After having talked to many students I am convinced beyond any doubt that corporal punishment at Dover Heights is rampant, capricious and sadistic. It is one of the major contributors to the degrading of those qualities that we expect from an educational institution. It must come as a shock to anyone mentally alive in this day and age that any teacher would consider the cane an all-purpose teaching aid, say for the improvement of spelling. And a double shock that such gross unprofessionalism would be officially approved rather than be censured.
It seems to me that there is a silent unnamed secret coterie of individuals at Dover Heights -- men who understand each other's weakness and shield each other. They are a small, securely entrenched minority, but an insidiously corrupting one. Their hallmark is an appetite for inflicting pain (psychological as well as physical) on the helpless, and otherwise degrading those who are under their authority. They operate covertly under the pretense of education. They are skilled at covering their tracks and each other's.
While so many other schools across the country are abandoning the cane -- consigning it to its rightful place as a relic of the educational dark ages -- Dover Heights has elevated it to the status of a favorite tool, so much so that the administration of that school saw fit to launch a public relations campaign through the P & C to gain an endorsement for its continued use.
Are our children different from those of other places? Do they respond to nothing but the stick? Or have they been offered nothing but the stick by those who have nothing better to offer?
The problem at Dover Heights Boy's High School is like a universally shared secret: like a bad odour in the midst of a crowd that all are aware of but none talk about. The administration knows, but prefers to conceal rather than correct. The good teachers know but choose to conform rather that complain. The students know but have been cowed into silence. The upper echelons of the Department of Education know but they politely look the other way. And those who should be the first to know -- the parents -- are the last to find out.
How, we might ask ourselves, does such a condition persist? Why should the atmosphere of a school in which our children's minds and spirits are irrevocably molded be the poisonous atmosphere of a prison camp? The answer is too simple: It should not.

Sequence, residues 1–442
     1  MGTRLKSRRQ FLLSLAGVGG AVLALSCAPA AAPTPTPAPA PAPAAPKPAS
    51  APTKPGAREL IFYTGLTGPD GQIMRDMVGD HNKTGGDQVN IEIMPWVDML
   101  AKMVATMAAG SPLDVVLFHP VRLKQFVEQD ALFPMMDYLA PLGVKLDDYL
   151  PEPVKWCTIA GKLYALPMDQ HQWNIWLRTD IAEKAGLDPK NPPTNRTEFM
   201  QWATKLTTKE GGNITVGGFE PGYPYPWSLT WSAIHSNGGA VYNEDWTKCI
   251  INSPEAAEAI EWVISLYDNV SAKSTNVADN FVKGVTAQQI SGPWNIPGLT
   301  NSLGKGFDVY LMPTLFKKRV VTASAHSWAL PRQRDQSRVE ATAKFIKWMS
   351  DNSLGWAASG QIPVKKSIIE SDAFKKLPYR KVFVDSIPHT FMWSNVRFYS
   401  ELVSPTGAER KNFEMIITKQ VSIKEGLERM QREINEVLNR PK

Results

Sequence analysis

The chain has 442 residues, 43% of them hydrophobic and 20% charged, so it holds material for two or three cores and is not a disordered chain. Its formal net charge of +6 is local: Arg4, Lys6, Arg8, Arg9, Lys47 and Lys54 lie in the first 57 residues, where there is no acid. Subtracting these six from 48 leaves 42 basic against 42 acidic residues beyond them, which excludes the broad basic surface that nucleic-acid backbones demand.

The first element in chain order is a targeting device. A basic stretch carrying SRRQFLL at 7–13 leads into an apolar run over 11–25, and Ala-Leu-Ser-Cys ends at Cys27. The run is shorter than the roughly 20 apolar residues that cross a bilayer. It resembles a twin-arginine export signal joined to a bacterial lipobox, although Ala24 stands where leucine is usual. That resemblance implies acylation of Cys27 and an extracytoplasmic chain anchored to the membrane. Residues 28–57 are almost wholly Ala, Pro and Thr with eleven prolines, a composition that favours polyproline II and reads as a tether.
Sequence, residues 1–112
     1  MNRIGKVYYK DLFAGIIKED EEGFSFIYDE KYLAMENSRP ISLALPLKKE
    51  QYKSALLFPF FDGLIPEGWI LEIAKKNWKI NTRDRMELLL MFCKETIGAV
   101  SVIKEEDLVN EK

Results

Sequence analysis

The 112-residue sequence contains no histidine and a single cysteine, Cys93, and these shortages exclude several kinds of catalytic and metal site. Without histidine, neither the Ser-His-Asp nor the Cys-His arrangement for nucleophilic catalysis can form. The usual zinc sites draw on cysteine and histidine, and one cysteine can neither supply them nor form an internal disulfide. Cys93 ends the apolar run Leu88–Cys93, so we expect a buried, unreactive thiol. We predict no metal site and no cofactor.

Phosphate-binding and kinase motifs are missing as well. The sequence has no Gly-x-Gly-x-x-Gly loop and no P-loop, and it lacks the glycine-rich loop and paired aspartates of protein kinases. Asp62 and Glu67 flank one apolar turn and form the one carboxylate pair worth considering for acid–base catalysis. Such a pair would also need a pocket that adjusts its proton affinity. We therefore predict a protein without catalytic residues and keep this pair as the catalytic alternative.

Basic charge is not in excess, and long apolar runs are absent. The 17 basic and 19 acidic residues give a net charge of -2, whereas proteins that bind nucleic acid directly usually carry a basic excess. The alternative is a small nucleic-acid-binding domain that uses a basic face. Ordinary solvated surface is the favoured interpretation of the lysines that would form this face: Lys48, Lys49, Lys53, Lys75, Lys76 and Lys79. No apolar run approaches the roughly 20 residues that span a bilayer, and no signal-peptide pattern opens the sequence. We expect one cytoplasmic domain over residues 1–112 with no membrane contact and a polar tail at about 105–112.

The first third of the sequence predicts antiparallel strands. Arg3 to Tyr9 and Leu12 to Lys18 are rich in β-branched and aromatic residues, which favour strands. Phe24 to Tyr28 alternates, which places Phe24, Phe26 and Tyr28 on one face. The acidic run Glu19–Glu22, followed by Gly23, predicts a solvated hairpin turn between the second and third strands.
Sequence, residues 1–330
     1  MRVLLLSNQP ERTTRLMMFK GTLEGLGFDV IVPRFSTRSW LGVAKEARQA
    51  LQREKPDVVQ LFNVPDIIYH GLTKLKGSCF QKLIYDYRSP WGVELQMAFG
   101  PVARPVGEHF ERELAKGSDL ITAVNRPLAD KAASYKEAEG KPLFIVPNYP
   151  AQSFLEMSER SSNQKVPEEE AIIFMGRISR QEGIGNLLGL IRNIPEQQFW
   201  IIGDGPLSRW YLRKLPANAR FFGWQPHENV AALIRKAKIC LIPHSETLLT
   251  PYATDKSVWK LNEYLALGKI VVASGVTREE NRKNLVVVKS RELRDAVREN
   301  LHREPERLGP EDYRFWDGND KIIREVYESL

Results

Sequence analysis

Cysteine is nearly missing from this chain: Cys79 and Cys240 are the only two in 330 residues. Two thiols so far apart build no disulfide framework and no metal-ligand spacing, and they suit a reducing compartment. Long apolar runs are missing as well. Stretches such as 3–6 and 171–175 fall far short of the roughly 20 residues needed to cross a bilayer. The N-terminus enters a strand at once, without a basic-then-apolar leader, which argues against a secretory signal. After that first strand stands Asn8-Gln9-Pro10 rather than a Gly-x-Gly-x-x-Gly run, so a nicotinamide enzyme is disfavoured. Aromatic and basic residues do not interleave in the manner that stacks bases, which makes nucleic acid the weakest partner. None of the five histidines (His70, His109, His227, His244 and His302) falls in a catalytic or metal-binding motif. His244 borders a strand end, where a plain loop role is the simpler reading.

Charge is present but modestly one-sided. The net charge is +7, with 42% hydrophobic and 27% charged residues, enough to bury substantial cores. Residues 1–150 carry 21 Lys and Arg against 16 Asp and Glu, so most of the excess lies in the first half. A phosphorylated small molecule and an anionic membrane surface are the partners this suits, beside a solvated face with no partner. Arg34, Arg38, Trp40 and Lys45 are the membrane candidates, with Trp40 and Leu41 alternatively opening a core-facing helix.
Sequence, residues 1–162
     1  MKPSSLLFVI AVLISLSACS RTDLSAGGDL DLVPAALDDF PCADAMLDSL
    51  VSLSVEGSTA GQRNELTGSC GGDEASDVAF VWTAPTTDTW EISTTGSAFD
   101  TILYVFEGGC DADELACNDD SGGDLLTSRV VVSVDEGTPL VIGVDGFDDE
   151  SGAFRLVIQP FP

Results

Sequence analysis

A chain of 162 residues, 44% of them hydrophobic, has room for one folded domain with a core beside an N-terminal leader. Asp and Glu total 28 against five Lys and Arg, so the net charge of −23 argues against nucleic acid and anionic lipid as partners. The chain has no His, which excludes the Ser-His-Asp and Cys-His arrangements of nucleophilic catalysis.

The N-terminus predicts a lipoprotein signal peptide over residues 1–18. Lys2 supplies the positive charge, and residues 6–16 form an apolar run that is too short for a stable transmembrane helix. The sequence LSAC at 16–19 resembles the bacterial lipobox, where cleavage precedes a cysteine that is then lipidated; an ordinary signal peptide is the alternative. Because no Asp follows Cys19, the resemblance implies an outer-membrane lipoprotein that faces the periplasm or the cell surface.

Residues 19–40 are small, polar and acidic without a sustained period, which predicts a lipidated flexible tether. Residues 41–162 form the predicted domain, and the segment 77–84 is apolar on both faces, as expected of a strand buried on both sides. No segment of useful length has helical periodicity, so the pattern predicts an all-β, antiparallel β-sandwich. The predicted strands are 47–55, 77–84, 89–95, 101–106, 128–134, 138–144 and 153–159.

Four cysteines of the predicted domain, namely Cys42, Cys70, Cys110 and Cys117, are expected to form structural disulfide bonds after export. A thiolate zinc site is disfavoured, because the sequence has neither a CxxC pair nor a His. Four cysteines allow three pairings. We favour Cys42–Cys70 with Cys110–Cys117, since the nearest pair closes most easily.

Speaking as a father concerned about his son, I can only say that I would never want to face him years hence when he may ask me why I sent him to such a place and why no one bothered to do anything about it.
I believe the solution may be simpler than we suspect. What is needed are a few indignant parents. Not just one or two but five or six or a dozen who, like Philip Foxman, have the courage to tell the truth -- to tell it loudly and clearly. Then we will see a change. After all, why shouldn't our boys be attending one of the best schools of the area rather than one of the worst?
39 Bourke St.
23rd June 1975
Several days after my initial distributions of the above letter to parents at a P & C meeting and to students as they filed on to the school buses for their return home, the following anonymous, hand-written letter arrived.
May I commend you on your letter to all parents. It is time parents and citizens became involved in their schools and I hope your letter will inspire them. I hear about Dover Heights B. H. from the other end, the teachers, and I would agree with everything in your letter. Many teachers realize the situation is bad but since many are going for promotion or teaching certificates they cannot buck the system. I am married to one of these teachers and hence would be pleased if you would accept this letter of encouragement without my signature.
I left Australia to return home to the U.S. in '81. By then, Mr. Doyle had retired (two years ahead of schedule) to pursue his book binding hobby. The teacher who had been renowned at DH for his wicked cane swing had moved up the professional ladder to become principal of a school in a rough, tough, depressed western suburb of Sydney.
Before leaving, I drove past Dover Heights Boys' High School for a final look. For me, as for countless others, it had been a battleground in both the literal and figurative meanings of the word. One could hardly think of it as a place of learning -- rather just a great, nondescript concrete box that people had squeezed into and squeezed out of according to clock and calendar while patiently nurishing the hope they would soon move on to something better. Twenty years after the date on my open letter to parents, New South Wales enacted a law banning corporal punishment in all public schools of the state.